How much simpler it would be to define policy and practice if we did not have to reckon with a prophet like Jeremiah! How he scrambles the familiar equations when he prescribes something that has never been the norm!
Jeremiah is the Old Testament prophet of novelty without peer. Not only does he map the way to an unimagined future for which there is no precedent—he also rethinks and reimagines the past (Jer. 3:16, 17; 7:21-23). Indeed, Jeremiah switches back and forth between the reremembered past and the reconfigured future so as to cast a dizzy spell on the reader.
“Behold, the days are coming, says the Lord, when I will make a new covenant with the house of Israel and with the house of Judah—not according to the covenant that I made with their fathers in the daythat I took them by the hand to lead them out of the land of Egypt” (Jer. 31:31, 32).1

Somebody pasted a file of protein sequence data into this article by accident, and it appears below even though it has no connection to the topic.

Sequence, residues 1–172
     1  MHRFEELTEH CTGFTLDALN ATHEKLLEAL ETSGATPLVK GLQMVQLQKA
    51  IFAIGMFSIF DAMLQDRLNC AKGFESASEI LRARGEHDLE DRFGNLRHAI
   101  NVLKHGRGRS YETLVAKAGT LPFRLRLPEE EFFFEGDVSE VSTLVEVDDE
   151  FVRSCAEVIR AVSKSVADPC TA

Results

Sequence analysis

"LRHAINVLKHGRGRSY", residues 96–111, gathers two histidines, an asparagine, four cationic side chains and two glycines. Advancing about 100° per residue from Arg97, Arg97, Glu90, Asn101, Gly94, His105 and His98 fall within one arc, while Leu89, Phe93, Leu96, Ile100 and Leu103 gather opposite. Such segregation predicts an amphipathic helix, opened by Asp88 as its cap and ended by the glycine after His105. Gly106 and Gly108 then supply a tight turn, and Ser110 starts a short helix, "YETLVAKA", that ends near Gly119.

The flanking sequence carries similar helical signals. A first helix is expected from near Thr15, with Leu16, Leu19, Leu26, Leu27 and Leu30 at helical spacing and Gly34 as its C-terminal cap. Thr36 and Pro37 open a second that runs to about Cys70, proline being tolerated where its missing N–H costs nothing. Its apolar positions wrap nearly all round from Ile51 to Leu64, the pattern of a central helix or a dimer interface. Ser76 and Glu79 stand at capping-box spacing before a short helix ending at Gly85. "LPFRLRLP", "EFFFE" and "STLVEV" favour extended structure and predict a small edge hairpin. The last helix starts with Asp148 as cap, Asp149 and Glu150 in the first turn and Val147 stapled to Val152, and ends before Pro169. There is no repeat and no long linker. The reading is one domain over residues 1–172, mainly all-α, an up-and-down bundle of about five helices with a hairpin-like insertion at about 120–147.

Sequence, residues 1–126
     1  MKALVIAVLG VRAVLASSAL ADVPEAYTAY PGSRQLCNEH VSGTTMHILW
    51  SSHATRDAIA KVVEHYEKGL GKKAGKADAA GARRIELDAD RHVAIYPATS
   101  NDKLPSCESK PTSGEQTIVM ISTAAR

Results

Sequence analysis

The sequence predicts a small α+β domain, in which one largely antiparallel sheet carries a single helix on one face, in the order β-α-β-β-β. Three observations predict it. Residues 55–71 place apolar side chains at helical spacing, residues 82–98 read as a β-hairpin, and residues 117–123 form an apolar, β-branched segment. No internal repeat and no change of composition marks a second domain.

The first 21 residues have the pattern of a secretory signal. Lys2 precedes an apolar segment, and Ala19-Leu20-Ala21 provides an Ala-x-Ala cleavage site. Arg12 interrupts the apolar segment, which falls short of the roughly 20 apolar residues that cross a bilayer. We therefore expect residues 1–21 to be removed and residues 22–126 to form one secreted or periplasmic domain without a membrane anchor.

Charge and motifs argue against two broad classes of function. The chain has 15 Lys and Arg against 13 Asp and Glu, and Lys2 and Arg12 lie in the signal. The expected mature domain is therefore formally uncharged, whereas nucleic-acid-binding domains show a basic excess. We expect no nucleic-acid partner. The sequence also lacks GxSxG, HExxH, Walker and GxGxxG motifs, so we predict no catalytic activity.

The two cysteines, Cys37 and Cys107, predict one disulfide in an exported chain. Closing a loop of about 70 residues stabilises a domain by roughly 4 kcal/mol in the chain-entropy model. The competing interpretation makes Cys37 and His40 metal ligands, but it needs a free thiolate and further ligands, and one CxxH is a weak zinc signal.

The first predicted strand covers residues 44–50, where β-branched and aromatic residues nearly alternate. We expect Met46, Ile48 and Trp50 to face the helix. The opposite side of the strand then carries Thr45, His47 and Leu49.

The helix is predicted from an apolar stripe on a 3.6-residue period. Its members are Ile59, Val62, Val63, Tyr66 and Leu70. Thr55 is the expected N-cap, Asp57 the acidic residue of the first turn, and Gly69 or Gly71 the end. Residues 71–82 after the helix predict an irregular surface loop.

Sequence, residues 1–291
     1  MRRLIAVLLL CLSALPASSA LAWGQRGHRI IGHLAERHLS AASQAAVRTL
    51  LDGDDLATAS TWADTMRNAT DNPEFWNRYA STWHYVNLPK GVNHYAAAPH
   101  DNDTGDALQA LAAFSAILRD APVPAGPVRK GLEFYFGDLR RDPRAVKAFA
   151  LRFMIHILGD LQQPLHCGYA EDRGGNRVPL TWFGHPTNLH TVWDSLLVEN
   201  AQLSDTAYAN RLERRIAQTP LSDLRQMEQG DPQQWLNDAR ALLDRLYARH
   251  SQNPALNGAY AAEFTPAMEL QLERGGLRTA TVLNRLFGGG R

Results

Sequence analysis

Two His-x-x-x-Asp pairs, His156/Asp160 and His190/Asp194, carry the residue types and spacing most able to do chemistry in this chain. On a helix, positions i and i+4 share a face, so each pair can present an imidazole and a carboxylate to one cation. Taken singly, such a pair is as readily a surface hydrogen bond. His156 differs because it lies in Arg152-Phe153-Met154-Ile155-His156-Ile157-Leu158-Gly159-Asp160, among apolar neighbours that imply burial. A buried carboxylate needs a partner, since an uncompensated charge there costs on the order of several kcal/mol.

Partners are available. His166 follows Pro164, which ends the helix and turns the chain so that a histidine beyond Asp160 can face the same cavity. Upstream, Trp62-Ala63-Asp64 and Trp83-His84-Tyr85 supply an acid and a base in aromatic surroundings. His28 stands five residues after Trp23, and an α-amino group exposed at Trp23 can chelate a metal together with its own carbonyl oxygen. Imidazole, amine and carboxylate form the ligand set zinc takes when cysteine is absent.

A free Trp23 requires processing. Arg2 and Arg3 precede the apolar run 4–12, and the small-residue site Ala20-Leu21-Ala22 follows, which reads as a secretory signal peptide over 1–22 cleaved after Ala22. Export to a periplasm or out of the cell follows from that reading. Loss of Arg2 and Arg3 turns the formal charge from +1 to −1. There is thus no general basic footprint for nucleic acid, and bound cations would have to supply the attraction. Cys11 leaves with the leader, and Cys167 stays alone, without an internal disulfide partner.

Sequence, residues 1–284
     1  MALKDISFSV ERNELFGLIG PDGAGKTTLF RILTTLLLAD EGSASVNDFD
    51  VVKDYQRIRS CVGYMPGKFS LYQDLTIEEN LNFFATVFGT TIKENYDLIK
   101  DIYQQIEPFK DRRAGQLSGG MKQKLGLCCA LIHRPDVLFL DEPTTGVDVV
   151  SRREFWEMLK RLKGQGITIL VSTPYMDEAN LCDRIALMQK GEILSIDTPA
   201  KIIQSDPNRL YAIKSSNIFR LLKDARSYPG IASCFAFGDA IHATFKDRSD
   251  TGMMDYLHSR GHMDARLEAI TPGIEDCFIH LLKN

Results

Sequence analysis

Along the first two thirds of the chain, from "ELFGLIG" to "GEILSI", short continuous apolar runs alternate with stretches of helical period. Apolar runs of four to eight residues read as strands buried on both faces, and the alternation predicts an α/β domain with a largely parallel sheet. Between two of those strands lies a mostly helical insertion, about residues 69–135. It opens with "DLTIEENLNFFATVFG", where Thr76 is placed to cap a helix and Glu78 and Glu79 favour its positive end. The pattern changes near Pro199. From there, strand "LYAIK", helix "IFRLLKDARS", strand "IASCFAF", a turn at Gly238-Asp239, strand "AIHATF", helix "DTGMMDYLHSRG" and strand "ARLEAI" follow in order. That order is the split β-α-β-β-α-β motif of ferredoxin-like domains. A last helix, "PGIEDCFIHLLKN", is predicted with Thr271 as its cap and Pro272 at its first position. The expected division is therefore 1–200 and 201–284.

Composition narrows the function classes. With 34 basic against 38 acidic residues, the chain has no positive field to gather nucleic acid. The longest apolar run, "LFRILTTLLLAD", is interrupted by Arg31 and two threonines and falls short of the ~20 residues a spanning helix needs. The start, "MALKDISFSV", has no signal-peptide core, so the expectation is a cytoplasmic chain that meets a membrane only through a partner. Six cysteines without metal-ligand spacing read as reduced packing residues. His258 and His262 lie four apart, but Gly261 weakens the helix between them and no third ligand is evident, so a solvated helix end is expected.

“How long will you gad about, O you backsliding daughter? For the Lord has created a new thing in the earth—a woman shall encompass a man” (verse 22).
Throughout, the orientation toward the future and away from the past is the most striking feature. It is the unknown, yet-to-be described future that counts (cf. Jer. 3:16; 23:7; 31:29 [“In those days they shall say no more”]; 23:7; 31:31 [“Behold, the days are coming”]).
The new reality cannot flourish as long as the old reality is in place, especially when people’s understanding of God’s original intention is flawed. This is fully in keeping with the texture of Jeremiah’s call and ministry. Was he not appointed “over nations and over kingdoms, to pluck up and to break down, to destroy and to overthrow, to build and to plant” (Jer. 1:10, ESV)?2 Must not the old, whether past instruction or people’s perception of past instruction, be removed before the new can rise?
Jeremiah 31 is the most important chapter detailing the shape of the new reality. This chapter is also crucial from the point of view of the New Testament (cf. Heb. 8:8-12). Above all, the new will be built on a foundation of hope. Hope, in turn, is nourished by memory (Jer. 31:2-4). Hope, too, is a luxury item in this book because Jeremiah’s ministry unfolds in a context of crisis. The crisis is national and political as much as it is personal and spiritual (cf. Jer. 30:5, 6).